It may not be a plague but Devon has had what is believed to be its first visit from a locust.
The unusual sighting was made recently (Friday 19 October) at Devon Wildlife Trust’s Andrew’s Wood nature reserve, which is near Loddiswell, in the South Hams. The reserve is one of 50 managed by the wildlife charity.
The locust was spotted by wildlife enthusiast, David Turrell, on one of his regular visits to the reserve.
David Turrell said:
“I was on another visit to Devon Wildlife Trust’s Andrew’s Wood with my camera when suddenly a large insect shot up in front of me flying away on its huge wings. I instantly realised that it was something special, so I set off in hot pursuit. On approaching the area where I had seen it settle but before I could spot the locust, off it went again flying around 20 metres, making it hard to locate. It did this several times, finally landing at the foot of some brambles where I could admire it and take some pictures before I lost sight of it once again. It was amazing to find and like nothing I've ever seen before.”
The insect was a species known as a migratory locust (Locusta migratoria). The 6-10cm long locust is usually to be found in Africa, Asia, Australia and New Zealand. Devon Biodiversity Records Centre, which is the custodian of the county’s biological records, confirmed that this was a first recording of a migratory locust in Devon, and one of only 10 records ever made in England and Wales.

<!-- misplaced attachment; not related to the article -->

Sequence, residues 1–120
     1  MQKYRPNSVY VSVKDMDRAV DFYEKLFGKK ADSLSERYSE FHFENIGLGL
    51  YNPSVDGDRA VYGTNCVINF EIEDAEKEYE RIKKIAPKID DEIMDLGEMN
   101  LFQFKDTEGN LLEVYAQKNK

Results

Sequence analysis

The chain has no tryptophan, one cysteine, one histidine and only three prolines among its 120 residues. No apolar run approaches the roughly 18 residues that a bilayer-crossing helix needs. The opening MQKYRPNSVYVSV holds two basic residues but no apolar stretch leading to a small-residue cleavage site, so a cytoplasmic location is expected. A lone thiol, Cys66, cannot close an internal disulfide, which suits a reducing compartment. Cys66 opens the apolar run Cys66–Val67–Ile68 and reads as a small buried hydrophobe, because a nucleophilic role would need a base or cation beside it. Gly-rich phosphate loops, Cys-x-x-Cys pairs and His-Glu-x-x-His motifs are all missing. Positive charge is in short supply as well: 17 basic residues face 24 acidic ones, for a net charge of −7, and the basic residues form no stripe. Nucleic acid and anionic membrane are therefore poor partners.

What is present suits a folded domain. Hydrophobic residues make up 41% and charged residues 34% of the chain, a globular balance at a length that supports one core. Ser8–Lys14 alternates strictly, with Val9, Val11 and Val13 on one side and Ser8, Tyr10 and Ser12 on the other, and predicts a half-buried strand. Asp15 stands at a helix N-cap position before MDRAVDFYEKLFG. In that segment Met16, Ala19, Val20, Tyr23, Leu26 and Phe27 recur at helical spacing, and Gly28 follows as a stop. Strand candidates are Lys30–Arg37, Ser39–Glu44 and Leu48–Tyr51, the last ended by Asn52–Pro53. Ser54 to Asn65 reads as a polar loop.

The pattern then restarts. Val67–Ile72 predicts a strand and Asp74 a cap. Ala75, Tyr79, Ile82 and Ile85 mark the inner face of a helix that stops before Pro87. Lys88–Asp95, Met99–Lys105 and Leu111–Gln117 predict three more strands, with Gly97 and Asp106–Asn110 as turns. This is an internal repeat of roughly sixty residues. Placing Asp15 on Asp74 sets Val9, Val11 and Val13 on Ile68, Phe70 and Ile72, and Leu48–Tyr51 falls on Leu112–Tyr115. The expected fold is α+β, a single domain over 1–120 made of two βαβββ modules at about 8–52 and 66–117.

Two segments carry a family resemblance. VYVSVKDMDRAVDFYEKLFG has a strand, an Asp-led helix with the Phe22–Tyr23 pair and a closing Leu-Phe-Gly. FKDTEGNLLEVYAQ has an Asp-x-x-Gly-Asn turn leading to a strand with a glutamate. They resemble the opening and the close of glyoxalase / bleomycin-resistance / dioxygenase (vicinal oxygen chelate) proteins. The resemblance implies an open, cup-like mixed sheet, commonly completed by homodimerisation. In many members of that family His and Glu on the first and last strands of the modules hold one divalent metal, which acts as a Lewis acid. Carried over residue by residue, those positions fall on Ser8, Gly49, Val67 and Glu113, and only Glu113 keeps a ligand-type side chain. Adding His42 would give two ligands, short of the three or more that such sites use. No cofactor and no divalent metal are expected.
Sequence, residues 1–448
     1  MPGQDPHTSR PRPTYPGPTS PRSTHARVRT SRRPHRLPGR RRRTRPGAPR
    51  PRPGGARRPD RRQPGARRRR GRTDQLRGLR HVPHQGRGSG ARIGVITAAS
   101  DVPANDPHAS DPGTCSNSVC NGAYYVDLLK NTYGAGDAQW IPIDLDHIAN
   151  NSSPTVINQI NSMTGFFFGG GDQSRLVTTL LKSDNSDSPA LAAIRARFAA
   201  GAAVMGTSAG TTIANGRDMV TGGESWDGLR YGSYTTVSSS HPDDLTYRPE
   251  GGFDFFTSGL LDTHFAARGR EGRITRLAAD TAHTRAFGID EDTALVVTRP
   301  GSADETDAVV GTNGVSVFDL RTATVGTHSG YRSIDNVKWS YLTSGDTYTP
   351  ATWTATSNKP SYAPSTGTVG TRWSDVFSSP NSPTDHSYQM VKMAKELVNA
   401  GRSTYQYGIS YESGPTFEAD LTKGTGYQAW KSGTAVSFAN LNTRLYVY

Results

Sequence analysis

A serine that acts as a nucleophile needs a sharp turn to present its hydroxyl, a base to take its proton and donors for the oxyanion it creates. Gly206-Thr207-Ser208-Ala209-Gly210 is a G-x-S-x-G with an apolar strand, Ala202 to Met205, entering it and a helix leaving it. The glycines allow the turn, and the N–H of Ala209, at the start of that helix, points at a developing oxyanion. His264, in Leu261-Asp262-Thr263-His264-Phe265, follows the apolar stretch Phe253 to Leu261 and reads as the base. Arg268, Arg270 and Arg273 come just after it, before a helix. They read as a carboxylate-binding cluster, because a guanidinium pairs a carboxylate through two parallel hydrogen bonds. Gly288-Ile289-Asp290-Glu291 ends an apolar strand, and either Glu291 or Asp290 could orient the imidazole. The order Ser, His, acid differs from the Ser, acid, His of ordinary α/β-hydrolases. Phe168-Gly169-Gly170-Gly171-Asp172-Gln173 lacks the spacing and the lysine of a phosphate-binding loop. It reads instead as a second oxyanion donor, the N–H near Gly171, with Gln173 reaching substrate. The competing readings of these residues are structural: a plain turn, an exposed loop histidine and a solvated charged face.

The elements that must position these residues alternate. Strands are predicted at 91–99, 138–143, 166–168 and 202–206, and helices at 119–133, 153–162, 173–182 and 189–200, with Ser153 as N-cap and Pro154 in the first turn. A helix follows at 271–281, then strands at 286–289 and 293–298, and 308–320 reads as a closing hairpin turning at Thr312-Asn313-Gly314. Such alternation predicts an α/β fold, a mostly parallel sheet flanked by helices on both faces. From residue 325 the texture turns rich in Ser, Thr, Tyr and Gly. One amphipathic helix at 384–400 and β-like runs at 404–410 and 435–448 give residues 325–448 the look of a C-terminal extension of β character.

In its native territory the migratory locust, which is a strong flier capable of covering 15-20km a day, sometimes forms large swarms which can cause damage to crops. However, concern that a similar fate could befall the Devon countryside is thought to be unfounded.
Steve Hussey from Devon Wildlife Trust said:
“This is a very rare sighting. We think the recent strong westerly winds have brought this locust in from southern Europe or North Africa. It’s possible that there may be others dotted across the South West but our climate and the cold weather which is predicted in the coming days will ensure that they don’t survive very long. We are not about to be overwhelmed by locusts.”
The sighting of the migratory locust is one of a number of unusual recent wildlife records made across the South West. Last week twitchers flocked to Cornwall to catch sight of a catbird, a species more usually found in the USA but which had been blown in from across the Atlantic.
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